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FCC Net Neutrality Vote Sets Up Legal Challenges

The 3-2 Federal Communications Commission decision in support of an open Internet won't be the end of the story, as Congress and the courts will likely be called in to address the matter.

W. David Gardner

December 22, 2010

2 Min Read

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Rather than settling the multi-year debate over net neutrality, the Federal Communications Commission's 3-2 party-line vote Tuesday is likely to be viewed as just another shot fired against opponents of a completely open Internet. Legions of Washington lawyers on both sides of the issue are licking their chops over the legal suits that are likely to enrich them for months -- if not years -- as net neutrality is litigated.

One observer who liked the Tuesday vote led by the three Democratic commissioners was President Obama, who had promised to protect Internet access for consumers. In a statement, the President said: "As technology and the market continue to evolve at a rapid pace, my administration will remain vigilant and see to it that innovation is allowed to flourish, that consumers are protected from abuse, and that the democratic spirit of the Internet remains intact."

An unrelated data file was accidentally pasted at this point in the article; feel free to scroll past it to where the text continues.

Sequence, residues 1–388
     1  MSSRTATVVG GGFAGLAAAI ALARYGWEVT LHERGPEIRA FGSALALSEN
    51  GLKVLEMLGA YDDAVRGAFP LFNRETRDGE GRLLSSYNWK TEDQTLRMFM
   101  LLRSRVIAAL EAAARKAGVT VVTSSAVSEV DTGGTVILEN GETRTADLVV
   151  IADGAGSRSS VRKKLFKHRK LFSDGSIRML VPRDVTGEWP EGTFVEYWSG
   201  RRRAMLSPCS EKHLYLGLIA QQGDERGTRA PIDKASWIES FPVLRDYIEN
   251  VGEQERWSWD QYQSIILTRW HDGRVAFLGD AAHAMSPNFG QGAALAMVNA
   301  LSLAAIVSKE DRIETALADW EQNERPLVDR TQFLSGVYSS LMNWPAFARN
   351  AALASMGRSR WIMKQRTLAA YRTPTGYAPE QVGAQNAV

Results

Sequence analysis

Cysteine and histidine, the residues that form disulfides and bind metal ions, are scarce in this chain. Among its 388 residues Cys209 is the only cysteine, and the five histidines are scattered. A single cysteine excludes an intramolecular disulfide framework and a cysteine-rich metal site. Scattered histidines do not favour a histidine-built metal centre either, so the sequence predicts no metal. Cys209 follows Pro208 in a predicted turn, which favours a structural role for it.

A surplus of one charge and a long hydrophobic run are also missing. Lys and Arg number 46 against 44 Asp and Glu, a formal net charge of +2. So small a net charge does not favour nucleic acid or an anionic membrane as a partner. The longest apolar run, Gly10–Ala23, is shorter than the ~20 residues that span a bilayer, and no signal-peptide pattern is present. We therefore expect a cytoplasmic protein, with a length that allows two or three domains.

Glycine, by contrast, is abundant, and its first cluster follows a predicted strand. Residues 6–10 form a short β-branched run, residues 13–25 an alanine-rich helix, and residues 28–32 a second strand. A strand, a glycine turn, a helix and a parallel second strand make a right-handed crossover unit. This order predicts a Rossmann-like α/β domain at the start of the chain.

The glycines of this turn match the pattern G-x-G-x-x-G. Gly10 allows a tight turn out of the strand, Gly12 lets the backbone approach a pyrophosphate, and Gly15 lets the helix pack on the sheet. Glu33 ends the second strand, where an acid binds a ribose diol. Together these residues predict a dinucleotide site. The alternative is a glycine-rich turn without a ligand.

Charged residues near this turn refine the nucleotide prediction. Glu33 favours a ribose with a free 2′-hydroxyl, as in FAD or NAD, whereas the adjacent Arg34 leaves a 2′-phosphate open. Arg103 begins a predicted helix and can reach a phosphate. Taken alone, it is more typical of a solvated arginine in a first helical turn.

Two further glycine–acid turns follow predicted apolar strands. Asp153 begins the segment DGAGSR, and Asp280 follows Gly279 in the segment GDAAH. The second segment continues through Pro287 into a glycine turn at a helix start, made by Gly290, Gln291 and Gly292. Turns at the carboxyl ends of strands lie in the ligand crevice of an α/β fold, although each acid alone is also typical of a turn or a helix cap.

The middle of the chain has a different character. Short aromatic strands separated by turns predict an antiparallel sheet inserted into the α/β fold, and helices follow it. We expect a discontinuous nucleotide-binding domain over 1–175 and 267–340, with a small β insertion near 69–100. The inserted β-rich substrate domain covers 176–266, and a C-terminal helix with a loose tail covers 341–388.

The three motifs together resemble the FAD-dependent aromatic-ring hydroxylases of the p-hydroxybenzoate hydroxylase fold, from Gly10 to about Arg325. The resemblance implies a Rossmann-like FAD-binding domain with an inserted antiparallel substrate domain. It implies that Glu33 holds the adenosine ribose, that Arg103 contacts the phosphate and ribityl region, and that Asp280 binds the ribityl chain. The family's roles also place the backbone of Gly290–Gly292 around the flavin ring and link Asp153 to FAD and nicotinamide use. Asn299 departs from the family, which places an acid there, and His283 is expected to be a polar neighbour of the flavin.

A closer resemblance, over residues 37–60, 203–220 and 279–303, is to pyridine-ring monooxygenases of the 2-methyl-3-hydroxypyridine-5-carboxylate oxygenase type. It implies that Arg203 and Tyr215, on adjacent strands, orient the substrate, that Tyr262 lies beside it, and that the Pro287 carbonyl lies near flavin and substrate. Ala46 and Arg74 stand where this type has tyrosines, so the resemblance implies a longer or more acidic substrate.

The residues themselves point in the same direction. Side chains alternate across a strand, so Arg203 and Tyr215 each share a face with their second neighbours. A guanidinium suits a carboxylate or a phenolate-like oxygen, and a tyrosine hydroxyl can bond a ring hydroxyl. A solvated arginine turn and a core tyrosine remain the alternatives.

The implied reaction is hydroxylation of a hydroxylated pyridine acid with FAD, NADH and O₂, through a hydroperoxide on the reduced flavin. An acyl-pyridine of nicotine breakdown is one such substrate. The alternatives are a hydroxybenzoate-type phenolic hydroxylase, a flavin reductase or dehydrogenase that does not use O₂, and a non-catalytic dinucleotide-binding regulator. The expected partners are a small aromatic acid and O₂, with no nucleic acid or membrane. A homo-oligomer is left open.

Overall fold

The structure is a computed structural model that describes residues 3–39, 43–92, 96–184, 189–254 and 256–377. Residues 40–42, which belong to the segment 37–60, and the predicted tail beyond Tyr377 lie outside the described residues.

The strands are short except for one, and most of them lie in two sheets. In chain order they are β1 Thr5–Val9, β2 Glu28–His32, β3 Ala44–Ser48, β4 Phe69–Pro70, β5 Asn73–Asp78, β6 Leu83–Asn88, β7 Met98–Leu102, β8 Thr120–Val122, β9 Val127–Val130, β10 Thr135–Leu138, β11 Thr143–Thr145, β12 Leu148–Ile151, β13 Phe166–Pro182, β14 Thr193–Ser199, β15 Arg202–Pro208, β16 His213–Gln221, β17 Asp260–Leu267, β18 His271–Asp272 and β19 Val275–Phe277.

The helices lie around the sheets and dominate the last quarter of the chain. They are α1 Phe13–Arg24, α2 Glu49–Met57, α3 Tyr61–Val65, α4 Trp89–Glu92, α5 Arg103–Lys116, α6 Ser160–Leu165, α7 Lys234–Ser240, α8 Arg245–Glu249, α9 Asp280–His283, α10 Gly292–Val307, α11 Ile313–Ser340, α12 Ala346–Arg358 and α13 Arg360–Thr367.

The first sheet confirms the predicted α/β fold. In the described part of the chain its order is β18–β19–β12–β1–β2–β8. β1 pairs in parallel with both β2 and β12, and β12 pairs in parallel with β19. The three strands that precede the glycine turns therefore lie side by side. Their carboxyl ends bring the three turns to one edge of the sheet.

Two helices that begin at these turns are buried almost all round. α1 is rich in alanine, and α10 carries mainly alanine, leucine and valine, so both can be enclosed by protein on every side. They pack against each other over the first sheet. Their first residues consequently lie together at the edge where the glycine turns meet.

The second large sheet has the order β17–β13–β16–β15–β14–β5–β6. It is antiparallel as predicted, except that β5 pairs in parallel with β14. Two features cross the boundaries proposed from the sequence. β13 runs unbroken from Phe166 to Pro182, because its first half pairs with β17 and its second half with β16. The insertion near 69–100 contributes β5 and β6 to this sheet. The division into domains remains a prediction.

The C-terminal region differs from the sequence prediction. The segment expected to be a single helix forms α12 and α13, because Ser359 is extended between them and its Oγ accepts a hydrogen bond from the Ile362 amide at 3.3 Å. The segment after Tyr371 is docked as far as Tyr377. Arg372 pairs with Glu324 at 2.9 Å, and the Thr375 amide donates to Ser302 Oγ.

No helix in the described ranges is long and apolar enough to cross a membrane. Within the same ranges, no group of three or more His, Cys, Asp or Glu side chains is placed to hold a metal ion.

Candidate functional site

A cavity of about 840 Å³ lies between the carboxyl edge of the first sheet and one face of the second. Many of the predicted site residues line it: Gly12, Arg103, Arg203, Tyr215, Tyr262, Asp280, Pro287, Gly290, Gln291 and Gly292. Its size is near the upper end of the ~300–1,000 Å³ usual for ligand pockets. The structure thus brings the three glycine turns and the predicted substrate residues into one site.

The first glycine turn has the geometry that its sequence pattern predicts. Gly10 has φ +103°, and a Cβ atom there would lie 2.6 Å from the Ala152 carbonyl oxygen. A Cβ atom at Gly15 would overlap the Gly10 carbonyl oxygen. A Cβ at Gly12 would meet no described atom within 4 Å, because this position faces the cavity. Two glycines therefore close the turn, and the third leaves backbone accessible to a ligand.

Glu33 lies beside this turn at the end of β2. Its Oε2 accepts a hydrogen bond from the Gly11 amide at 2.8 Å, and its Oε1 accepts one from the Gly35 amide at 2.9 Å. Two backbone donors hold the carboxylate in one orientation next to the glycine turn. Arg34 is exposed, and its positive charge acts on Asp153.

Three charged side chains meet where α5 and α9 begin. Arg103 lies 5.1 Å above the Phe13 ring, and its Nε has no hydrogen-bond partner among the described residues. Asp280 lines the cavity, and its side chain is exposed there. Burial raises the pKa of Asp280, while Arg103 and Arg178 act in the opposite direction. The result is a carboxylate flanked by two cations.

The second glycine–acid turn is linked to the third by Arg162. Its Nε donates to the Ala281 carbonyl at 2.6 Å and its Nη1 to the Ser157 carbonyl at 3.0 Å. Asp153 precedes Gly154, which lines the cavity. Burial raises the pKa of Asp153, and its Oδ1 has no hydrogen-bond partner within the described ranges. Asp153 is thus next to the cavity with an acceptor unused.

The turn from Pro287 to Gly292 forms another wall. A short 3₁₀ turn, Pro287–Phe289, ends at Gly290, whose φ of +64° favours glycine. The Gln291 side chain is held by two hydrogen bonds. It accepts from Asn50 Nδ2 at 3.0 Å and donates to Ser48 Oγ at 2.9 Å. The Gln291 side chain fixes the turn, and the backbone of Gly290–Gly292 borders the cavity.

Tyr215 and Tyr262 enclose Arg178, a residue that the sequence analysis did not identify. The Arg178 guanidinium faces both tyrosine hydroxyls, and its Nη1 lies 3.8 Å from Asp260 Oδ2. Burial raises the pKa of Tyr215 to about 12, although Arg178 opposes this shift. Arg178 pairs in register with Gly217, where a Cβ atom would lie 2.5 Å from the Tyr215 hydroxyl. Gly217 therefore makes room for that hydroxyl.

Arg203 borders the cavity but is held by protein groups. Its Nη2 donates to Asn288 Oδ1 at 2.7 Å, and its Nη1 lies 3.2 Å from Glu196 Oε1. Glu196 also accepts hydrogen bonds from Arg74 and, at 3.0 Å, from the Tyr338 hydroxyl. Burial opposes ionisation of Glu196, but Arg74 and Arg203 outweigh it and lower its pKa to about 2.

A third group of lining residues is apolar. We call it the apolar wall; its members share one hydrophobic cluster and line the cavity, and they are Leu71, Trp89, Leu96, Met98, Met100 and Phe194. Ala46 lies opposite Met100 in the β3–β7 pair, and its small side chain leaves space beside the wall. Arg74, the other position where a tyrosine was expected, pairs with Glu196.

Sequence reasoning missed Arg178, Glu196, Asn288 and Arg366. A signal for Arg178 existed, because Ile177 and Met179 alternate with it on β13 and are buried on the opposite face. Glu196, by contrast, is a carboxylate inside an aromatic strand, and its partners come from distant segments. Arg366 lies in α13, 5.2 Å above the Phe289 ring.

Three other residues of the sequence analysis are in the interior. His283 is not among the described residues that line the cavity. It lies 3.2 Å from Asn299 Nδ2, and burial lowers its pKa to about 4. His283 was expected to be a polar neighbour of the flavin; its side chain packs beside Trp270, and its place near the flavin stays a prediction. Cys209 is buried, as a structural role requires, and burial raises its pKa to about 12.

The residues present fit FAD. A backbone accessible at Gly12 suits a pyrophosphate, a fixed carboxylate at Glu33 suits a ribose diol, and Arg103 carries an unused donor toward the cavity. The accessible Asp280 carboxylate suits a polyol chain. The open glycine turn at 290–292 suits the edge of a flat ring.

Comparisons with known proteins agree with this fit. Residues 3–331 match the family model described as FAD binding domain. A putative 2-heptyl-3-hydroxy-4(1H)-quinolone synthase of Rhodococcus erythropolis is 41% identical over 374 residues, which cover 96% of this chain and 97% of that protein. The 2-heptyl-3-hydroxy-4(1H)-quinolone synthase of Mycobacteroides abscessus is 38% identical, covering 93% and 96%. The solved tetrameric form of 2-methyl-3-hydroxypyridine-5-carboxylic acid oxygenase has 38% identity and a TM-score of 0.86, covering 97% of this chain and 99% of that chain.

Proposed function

A problem for Obama and the Democratic commissioners is the two other government branches. Congress is likely to attempt to pick apart Tuesday's decision, and the Washington Court of Appeals, which has already ruled in favor of at least a partial closing of the Internet, is likely to be called upon to decide ultimately how closed or open the Internet will be.

In its vote, the FCC sought to deliver a compromise that would keep the largest carriers from blocking or retarding online access, even as wireless companies would be afforded increased latitude to regulate themselves.

FCC chairman Julius Genachowski, who has tried for months to work out a compromise acceptable to most sides in the issue, criticized "extremists" on both polarized ends of net neutrality. He hailed the new rules approved by fellow Democrats Michael Copps and Mignon Clyburn as an opportunity to make the U.S. Internet the "freest and fastest in the world." Genachowski has sounded the alarm for months that the United States is continuing to fall behind several other nations in the robustness of its Internet access.

The Republican commissioners, Robert McDowell and Meredith Attwell Baker, voted against the new rules. The Republicans have generally argued that a less-regulated Internet would spur investment and innovation.

Net neutrality also pits traditional carriers like AT&T, Comcast, and Verizon against newer content providers like Amazon, eBay, and Skype which have thrived on an open access Internet.


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